Yahoo Announces Hack of 500 Million Users — The Largest Hack in History

by | Sep 23, 2016

 

Yesterday, Yahoo announced to the world that 500 million customer credentials were hacked back in 2014 — making it the largest hack in history. The announcement comes after a renowned hacker named “Peace” said that he was selling a Yahoo database of over 200 million credentials back in August for just over $1,800.

The hacker’s claim sparked national interest – forcing Yahoo to look further into the matter and ultimately resulting in yesterday’s announcement of a much larger data breach of 500 million.

The stolen database includes names, telephone numbers, dates of birth, email addresses and both encrypted and unencrypted passwords with security questions and answers.

Yahoo did not say if the breach affected only people with Yahoo accounts or also those who use the site for photo-sharing site Flickr or blogging platform Tumblr. HEROIC recommends that anyone with an account for any of Yahoo’s subsidiaries to take immediate action by scanning your email to see if your email has been compromised through HEROIC’s Email Security Scan.

The good news for those affected — if there is any — is that Yahoo believes that bank account numbers and credit card were not included in the stolen information.

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What You Should Do

 

Yahoo has stated that it will be notifying potentially affected users and taking steps to secure their accounts. In the meantime, here are some things that all Yahoo users should do immediately:

  • Scan you email with HEROIC’s Email Security Scan Engine to see if your email has been compromised in any recent data breaches from over 1,400+ websites.
  • Change your current password with a new, unique password or passphrase.
  • Change your current security questions and answers.
  • Enable two-step authentication on all sites that offer it.
  • Think of other websites in which you may have used compromised credentials and change them.
  • Check and monitor your email for suspicious behavior.
  • Do not click on any strange emails or links within emails – especially if they claim to be from Yahoo.
  • Do not give away any personal information through any unsolicited communication.

Once hackers have access to ID and password information for one system like Yahoo, they routinely try the same combination against multiple other online platforms in an attempt to see which ones they can either easily or brute force their way into.

Many hackers will also use large data breaches for phishing / spam attacks, sending emails that make it seem as if a legitimate company is asking victims to supply personal information or click through to a questionable link that often leads to the installation of malware and viruses.

When in doubt, contact Yahoo directly to report any suspicious activity or questionable emails.

Yahoo’s Full Statement

By Bob Lord, CISO

“We have confirmed that a copy of certain user account information was stolen from the company’s network in late 2014 by what it believes is a state-sponsored actor. The account information may have included names, email addresses, telephone numbers, dates of birth, hashed passwords (the vast majority with bcrypt) and, in some cases, encrypted or unencrypted security questions and answers. The ongoing investigation suggests that stolen information did not include unprotected passwords, payment card data, or bank account information; payment card data and bank account information are not stored in the system that the investigation has found to be affected. Based on the ongoing investigation, Yahoo believes that information associated with at least 500 million user accounts was stolen and the investigation has found no evidence that the state-sponsored actor is currently in Yahoo’s network. Yahoo is working closely with law enforcement on this matter.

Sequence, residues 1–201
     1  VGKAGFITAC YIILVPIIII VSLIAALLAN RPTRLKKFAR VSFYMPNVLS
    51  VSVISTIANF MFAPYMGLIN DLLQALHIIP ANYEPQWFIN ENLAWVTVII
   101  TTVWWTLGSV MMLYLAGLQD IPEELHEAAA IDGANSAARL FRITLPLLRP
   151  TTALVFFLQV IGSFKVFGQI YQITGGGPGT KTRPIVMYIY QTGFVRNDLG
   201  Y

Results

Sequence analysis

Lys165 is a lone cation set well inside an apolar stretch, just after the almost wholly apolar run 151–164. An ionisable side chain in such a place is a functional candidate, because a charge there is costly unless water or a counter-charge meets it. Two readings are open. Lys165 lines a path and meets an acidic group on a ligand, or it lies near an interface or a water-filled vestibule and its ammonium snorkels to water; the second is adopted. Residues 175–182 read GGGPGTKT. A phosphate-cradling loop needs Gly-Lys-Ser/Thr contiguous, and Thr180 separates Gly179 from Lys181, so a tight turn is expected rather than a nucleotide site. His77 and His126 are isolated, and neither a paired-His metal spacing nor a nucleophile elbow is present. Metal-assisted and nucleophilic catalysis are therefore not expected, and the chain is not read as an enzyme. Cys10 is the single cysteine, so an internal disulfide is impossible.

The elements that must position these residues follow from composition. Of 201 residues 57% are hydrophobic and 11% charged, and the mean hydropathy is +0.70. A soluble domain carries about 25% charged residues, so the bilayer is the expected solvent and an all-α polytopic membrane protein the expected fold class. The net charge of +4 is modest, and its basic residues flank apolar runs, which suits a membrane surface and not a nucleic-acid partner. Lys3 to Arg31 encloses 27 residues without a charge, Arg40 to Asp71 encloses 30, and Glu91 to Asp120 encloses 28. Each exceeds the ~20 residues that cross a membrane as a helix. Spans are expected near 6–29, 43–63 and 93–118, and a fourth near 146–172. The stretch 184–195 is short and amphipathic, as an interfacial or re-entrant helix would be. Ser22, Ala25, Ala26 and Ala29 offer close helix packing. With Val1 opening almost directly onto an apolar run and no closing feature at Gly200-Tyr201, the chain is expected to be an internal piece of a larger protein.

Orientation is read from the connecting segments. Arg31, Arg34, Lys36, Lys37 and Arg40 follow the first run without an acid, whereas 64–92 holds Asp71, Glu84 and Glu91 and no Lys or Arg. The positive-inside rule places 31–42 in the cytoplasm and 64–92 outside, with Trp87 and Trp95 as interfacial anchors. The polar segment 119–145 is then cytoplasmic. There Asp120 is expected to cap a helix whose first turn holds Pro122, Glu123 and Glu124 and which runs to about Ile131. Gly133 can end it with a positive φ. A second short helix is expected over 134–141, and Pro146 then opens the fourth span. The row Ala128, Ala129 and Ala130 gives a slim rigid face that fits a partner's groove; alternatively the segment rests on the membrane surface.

We are taking action to protect our users:

We are notifying potentially affected users. The content of the email Yahoo is sending to those users will be available at  https://yahoo.com/security-notice-content beginning at 11:30 am (PDT).

We are asking potentially affected users to promptly change their passwords and adopt alternate means of account verification.

We invalidated unencrypted security questions and answers so they cannot be used to access an account.

We are recommending that all users who haven’t changed their passwords since 2014 do so.

We continue to enhance our systems that detect and prevent unauthorized access to user accounts.

We are working closely with law enforcement on this matter.

We encourage our users to follow these security recommendations:

Change your password and security questions and answers for any other accounts on which you used the same or similar information used for your Yahoo account.

Review your accounts for suspicious activity.

Be cautious of any unsolicited communications that ask for your personal information or refer you to a web page asking for personal information.

Avoid clicking on links or downloading attachments from suspicious emails.

Additionally, please consider using Yahoo Account Key, a simple authentication tool that eliminates the need to use a password altogether.

An increasingly connected world has come with increasingly sophisticated threats. Industry, government and users are constantly in the crosshairs of adversaries. Through strategic proactive detection initiatives and active response to unauthorized access of accounts, Yahoo will continue to strive to stay ahead of these ever-evolving online threats and to keep our users and our platforms secure.

For more information about this issue and our security resources, please visit the Yahoo Security Issue FAQs page, https://yahoo.com/security-update, which will be up beginning at 12pm (PDT)”